I know from my education that this process of differentiation is pretty normal. Boys ache for independence from mama, and feel ready to “boldly go where no man has gone before.” They want to be strong, assert their opinions, and explore their own ideas. Unfortunately, at the McGlothlin Home for Boys, we’re living in the in-between season— where ideas abound before they are mature enough to handle the responsibilities that go along with those ideas.
And so we butt heads.
Sometimes, I’m tempted to let our circumstances tell me my son is the enemy—he’s the one I’m fighting. But then I remember…
“For we do not wrestle against flesh and blood, but against the rulers, against the authorities, against the cosmic powers over this present darkness, against the spiritual forces of evil in the heavenly places.” Ephesians 6:12 ESV
When the days of mothering grow long, and make a girl weary, and when what you really want to do is lock your son up in his room and throw away the key, it’s good to remember this:
He’s not your enemy. But there is an enemy.
That’s right, our sons have a real enemy—one that wants to kill, steal and destroy them (John 10:10)—but that enemy, according to the Word of God, has an opponent himself that’s a force to be reckoned with.
Me. Any mother who’s willing to get on her knees and cry out for the heart of her son.
James 5:16 says, “the prayer of a person living right with God is something powerful to be reckoned with” (The Message).
The best way a mom can enter the battle for the heart of her son is on her knees, so let’s start fighting for him right now.
10 Powerful Prayers to Help You Fight for the Heart of Your Son
1. Create in my son a clean heart, O God, and renew a right spirit within him (Psalm 51:10).
2. May my son walk after You, God, and fear You and keep Your commandments and obey Your voice. May he serve You and hold fast to You (Deuteronomy 13:4).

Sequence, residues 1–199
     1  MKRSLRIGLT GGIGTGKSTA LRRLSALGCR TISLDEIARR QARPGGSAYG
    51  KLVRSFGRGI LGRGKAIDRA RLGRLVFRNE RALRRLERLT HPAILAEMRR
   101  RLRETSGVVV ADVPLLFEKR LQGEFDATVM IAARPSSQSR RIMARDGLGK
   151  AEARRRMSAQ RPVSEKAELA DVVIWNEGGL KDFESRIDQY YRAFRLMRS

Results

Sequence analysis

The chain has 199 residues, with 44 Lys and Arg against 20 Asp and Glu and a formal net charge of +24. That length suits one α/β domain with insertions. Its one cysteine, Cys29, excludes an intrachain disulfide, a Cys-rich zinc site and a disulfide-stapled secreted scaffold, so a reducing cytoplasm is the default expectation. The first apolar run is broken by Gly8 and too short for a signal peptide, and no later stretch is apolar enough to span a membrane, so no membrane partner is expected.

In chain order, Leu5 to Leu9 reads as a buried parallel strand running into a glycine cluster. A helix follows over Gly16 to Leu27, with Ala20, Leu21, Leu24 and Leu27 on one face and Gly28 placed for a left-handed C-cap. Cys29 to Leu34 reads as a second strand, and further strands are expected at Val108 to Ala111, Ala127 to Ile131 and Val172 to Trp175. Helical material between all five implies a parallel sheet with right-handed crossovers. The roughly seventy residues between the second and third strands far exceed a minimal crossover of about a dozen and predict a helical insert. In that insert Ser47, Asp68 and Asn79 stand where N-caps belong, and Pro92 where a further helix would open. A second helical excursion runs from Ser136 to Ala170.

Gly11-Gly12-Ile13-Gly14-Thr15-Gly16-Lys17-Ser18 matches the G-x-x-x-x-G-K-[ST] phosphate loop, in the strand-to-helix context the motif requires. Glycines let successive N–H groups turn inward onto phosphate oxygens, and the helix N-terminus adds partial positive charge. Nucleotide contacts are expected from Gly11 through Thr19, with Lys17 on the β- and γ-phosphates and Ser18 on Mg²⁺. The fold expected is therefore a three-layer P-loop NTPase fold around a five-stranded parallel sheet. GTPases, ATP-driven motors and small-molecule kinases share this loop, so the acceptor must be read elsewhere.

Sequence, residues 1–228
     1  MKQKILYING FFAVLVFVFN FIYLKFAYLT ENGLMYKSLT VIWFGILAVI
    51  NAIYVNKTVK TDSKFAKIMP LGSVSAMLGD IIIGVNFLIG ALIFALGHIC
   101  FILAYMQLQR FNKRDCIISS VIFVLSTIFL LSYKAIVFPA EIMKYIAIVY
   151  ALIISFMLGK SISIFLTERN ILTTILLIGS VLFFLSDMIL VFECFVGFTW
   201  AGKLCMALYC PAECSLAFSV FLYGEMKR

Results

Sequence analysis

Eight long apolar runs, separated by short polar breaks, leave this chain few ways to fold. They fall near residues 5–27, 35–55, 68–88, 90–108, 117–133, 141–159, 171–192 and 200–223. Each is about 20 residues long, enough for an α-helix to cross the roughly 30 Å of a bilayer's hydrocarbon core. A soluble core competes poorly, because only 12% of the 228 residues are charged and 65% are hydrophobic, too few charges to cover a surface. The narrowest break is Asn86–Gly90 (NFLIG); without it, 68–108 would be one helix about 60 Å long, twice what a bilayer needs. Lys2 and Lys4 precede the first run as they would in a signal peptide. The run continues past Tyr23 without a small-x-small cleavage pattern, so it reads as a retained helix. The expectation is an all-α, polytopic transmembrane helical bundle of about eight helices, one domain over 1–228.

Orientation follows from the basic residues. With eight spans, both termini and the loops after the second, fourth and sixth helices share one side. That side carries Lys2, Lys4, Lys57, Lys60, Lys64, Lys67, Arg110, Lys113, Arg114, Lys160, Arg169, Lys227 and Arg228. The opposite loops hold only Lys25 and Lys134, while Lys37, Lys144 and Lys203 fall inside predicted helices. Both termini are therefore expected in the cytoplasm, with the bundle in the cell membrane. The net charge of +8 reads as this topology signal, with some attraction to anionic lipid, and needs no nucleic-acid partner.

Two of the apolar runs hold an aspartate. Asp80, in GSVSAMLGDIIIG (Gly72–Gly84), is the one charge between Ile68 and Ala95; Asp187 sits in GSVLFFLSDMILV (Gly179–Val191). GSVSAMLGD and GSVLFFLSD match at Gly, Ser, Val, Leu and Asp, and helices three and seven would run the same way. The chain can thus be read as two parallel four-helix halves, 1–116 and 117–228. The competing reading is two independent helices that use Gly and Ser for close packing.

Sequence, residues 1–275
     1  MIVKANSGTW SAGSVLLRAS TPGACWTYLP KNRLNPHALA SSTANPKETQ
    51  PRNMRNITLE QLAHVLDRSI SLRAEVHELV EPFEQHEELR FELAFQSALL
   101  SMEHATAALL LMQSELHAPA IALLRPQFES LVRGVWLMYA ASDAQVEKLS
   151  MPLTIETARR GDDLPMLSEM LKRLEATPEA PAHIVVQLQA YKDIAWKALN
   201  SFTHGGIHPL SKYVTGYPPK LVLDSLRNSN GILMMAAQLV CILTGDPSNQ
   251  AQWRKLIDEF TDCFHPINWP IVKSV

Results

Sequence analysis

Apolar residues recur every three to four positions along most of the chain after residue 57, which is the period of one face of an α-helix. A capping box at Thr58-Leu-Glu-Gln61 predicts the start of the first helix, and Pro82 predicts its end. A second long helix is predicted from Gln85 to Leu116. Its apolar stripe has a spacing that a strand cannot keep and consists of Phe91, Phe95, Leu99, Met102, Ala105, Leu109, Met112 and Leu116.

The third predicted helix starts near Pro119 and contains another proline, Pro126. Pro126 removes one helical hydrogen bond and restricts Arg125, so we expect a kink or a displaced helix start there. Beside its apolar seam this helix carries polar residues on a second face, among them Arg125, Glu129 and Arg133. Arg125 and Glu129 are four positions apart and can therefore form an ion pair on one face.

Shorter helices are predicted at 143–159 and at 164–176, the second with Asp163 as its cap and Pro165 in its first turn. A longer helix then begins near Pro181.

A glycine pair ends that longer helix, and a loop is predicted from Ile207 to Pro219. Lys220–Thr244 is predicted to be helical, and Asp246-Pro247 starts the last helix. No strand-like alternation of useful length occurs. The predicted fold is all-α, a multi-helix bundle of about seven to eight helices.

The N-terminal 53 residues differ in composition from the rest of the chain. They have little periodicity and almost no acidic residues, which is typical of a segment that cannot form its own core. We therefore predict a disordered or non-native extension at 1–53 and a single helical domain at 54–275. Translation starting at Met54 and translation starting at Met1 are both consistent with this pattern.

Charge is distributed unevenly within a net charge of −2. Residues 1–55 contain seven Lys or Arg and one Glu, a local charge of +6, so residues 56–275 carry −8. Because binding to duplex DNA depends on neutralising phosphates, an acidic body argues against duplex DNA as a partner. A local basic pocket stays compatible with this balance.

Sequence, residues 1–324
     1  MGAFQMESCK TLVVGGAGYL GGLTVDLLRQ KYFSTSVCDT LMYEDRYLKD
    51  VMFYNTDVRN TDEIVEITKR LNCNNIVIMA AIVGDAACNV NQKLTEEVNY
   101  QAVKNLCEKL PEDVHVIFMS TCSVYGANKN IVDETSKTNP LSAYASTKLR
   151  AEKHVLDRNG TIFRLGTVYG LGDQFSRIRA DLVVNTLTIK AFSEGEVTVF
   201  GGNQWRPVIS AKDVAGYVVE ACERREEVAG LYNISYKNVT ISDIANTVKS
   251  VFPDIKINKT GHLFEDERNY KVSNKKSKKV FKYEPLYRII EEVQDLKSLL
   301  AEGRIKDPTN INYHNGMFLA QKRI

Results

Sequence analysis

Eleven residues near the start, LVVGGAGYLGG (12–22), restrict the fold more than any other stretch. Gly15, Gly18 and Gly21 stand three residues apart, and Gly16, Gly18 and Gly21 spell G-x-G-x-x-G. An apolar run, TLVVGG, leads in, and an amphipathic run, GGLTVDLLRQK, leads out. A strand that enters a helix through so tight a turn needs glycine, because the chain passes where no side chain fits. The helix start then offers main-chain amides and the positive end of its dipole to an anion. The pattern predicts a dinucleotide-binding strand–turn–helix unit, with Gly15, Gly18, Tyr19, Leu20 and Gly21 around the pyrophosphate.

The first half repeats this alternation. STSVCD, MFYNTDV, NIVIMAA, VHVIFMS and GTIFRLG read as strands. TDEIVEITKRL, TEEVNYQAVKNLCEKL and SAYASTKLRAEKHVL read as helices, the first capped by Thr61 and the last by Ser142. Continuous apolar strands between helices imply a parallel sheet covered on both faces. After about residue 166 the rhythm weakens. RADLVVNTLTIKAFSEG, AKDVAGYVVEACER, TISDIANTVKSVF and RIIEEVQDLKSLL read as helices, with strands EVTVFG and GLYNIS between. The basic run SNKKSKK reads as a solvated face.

3. May my son be strong and courageous and not fear or be in dread, for it is You, Lord, our God, who goes with him. You will never leave him or forsake him (Deuteronomy 31:6).
4. May my son walk before You, God, as King David walked, with integrity of heart and uprightness, doing according to all that You have commanded him and keeping Your statutes and rules (1 Kings 9:4).
5. Like Timothy, may my son be an example to believers in speech, in conduct, in love, in faith, and in purity (1 Timothy 4:12).
6. May my son listen to the way of wisdom and be led in the paths of uprightness (Proverbs 4:11).
7. Lord, be with my son in trouble; rescue him and honor him (Psalm 91:5).
8. May my son honor his father and mother… (Ephesians 6:2).
9. May my son have love that issues from a pure heart and a good conscience and a sincere faith (1 Timothy 1:5).
10. May my son think on whatever is true, whatever is honorable, whatever is just, whatever is pure, whatever is commendable; if there is any excellence, if there is anything worthy of praise, may he think about these things (Philippians 4:8).
Thank you, Brooke, for this beautiful list of Scriptural prayers!
Brooke McGlothlin has a new book called Praying for Boys: Asking God for the Things They Need Most. It’s an insightful and much needed book for all moms of boys. Click here for more details.
And today, Brooke is giving away 5 copies of Praying for Boys! To win, leave a comment below telling us what prayer you are praying for your son(s).
There’s a song that Spotify has introduced me to that I can’t stop playing, it’s called ‘Sons and Daughters’ by Allman Brown and Liz Lawrence…
In an interview about this new track Allman talked about how the song was inspired by normal life. Where most songs are written about larger than life moments, extraordinary moments like your first kiss or other really big romantic ideals, his song celebrates the everyday things. The whole idea of the song is just two people in a house, because when you’re really close to someone you then begin to view the objects in your life or the space you occupy with meaning. This love song about everyday life has really spoken to me. You see, I feel as though I’m inhabiting that space at the moment. Nothing spectacular has happened to us for a while, which in some ways is great. I’ve not stepped inside a hospital for over a year and I love it! I’ve not had another miscarriage and my body finally feels as though it’s recovering, but I’m not pregnant either. We’ve had two years of ‘normal’ life, of companionship, of cooking together, watching films, going for walks with Betsy, our cavapoo and hanging out with friends. We’ve been living the life described in this song. I love the harmonies and the way the song builds, describing the beauty and romance of the everyday life of a couple, but it’s the lyrics of the chorus that have struck me most: